PropertyValue
?:abstract
  • In the twentieth century, there were great changes in lifestyles and the labor force. People began to live longer, women entered the labor force en masse, and people began to have a period of retirement before they died. In the twenty-first century, the increase in life expectancy is continuing, but, overall, the female labor force participation in the developed countries is no longer increasing. In addition, although a period of retirement has remained the norm, it is being pushed back to older ages, and people are continuing to work in their sixties and beyond, either full-time, part-time, at their career jobs, or at bridge jobs. The most notable result of these changes is the large increases in the labor force participation rates of women over 60. ()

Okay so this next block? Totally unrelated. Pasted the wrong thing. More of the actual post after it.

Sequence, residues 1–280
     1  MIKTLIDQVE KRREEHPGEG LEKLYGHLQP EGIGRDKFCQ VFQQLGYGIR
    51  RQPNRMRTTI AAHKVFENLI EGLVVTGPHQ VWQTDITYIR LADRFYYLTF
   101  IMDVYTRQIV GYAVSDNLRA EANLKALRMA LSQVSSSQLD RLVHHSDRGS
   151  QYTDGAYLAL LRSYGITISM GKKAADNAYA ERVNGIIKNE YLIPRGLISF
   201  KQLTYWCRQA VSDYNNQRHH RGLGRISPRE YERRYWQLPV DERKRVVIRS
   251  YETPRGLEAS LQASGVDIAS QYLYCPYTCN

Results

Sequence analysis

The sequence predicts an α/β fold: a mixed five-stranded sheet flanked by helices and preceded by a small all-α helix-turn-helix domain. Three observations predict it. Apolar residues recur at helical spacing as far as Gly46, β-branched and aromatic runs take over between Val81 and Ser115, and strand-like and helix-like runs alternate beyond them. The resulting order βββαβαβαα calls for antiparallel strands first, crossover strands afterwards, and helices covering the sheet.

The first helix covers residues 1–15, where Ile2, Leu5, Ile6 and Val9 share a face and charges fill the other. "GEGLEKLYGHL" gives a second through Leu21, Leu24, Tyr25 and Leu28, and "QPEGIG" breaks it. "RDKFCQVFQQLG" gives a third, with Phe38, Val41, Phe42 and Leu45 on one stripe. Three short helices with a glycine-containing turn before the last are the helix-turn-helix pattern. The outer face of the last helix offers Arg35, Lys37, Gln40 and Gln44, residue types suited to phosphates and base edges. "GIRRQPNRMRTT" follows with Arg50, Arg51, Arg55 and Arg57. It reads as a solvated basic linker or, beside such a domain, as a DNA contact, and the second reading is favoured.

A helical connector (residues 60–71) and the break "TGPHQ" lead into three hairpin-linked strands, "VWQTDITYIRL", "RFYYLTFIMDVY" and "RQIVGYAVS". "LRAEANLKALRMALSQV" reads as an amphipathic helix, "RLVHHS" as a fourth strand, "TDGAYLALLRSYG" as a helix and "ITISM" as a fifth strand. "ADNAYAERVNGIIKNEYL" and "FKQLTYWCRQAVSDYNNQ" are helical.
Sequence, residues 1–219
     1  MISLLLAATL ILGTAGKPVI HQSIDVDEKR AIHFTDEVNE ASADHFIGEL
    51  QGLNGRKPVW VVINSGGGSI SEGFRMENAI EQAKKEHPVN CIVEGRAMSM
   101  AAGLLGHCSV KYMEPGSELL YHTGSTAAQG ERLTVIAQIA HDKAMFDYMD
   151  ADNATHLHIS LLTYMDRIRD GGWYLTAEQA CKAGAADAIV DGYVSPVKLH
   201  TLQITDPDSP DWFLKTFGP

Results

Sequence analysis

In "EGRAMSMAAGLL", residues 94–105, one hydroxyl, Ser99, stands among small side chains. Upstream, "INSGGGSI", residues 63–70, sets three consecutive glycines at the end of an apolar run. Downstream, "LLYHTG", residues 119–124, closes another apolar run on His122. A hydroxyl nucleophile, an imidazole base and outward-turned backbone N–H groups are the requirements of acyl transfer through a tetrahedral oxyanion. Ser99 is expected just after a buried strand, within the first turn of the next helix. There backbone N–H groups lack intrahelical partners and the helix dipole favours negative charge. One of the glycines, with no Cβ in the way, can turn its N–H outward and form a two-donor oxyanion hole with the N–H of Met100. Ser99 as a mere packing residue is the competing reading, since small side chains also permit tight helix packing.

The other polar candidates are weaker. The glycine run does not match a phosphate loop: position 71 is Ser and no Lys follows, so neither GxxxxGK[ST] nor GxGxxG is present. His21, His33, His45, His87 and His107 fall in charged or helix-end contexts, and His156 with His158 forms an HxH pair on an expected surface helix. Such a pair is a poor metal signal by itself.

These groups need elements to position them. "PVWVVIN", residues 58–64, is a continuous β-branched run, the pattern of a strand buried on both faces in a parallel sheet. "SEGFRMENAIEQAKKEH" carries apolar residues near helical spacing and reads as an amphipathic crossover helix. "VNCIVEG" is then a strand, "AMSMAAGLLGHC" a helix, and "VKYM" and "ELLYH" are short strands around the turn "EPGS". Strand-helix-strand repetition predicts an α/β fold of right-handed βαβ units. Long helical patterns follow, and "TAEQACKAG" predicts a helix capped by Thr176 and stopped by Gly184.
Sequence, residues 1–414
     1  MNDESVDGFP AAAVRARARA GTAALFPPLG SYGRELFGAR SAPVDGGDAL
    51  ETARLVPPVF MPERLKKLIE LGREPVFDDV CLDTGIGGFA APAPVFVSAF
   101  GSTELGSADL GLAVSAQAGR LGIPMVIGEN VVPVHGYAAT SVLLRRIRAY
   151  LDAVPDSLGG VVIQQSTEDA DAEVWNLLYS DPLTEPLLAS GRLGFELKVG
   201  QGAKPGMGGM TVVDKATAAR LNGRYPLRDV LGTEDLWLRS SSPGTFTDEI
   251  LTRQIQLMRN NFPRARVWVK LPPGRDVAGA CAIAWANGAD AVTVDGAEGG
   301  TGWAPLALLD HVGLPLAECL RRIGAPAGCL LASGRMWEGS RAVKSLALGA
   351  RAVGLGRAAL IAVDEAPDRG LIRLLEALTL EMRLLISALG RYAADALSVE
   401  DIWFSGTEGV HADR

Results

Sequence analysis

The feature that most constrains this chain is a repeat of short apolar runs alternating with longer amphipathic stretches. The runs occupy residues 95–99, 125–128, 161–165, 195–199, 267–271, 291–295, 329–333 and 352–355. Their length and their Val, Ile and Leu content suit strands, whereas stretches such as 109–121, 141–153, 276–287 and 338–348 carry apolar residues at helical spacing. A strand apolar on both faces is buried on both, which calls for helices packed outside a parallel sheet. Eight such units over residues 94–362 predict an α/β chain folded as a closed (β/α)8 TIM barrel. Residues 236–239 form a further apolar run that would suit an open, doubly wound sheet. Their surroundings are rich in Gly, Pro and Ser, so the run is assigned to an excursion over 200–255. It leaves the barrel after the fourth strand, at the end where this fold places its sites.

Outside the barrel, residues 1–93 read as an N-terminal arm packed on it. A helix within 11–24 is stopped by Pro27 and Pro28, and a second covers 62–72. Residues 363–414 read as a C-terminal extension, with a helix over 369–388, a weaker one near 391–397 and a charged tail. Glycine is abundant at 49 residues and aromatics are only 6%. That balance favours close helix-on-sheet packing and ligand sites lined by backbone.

?:appearsInJournal
?:citationCount
  • 0 ()
?:cites
?:created
  • 2016-06-24 ()
?:creator
?:doi
  • 10.1007/978-3-319-09306-2_3 ()
?:endingPage
  • 49 ()
?:estimatedCitationCount
  • 0 ()
is ?:hasCitingEntity of
?:hasDiscipline
?:hasURL
?:language
  • en ()
?:publicationDate
  • 2015-01-01 ()
?:publisher
  • Springer International Publishing ()
?:rank
  • 24178 ()
?:referenceCount
  • 28 ()
?:startingPage
  • 31 ()
?:title
  • Older Women, Economic Power, and Consumerism ()
?:type
?:volume
  • 51 ()

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